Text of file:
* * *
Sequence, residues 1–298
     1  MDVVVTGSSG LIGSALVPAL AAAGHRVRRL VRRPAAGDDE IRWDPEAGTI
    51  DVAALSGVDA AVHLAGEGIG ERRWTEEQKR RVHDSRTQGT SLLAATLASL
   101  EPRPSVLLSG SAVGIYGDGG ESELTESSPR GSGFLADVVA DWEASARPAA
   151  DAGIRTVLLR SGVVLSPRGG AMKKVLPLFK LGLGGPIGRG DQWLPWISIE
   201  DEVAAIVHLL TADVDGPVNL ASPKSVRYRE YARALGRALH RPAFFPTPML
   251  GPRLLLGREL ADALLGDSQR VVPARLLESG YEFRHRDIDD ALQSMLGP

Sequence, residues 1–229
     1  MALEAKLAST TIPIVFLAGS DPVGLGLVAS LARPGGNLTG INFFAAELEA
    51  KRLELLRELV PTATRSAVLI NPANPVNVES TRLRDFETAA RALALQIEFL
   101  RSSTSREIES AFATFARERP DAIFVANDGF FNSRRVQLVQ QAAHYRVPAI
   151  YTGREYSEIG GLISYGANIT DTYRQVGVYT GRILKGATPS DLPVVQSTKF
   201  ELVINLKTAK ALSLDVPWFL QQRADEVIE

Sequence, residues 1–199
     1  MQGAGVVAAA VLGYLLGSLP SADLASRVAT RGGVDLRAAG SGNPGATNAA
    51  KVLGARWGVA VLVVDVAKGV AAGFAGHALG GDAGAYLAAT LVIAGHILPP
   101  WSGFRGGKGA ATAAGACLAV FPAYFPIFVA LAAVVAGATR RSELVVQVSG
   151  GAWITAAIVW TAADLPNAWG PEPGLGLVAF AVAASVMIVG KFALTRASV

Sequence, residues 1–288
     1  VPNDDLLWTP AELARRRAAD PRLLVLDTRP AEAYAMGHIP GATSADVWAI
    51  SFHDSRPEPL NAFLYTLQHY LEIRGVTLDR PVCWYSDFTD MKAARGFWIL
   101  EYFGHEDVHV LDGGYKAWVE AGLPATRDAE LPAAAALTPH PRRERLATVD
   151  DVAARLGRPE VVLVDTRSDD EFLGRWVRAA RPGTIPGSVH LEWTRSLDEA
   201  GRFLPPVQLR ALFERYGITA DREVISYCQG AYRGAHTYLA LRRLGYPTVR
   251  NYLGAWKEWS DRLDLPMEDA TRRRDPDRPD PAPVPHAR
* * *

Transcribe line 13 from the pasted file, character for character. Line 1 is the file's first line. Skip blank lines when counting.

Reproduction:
   201  ELVINLKTAK ALSLDVPWFL QQRADEVIE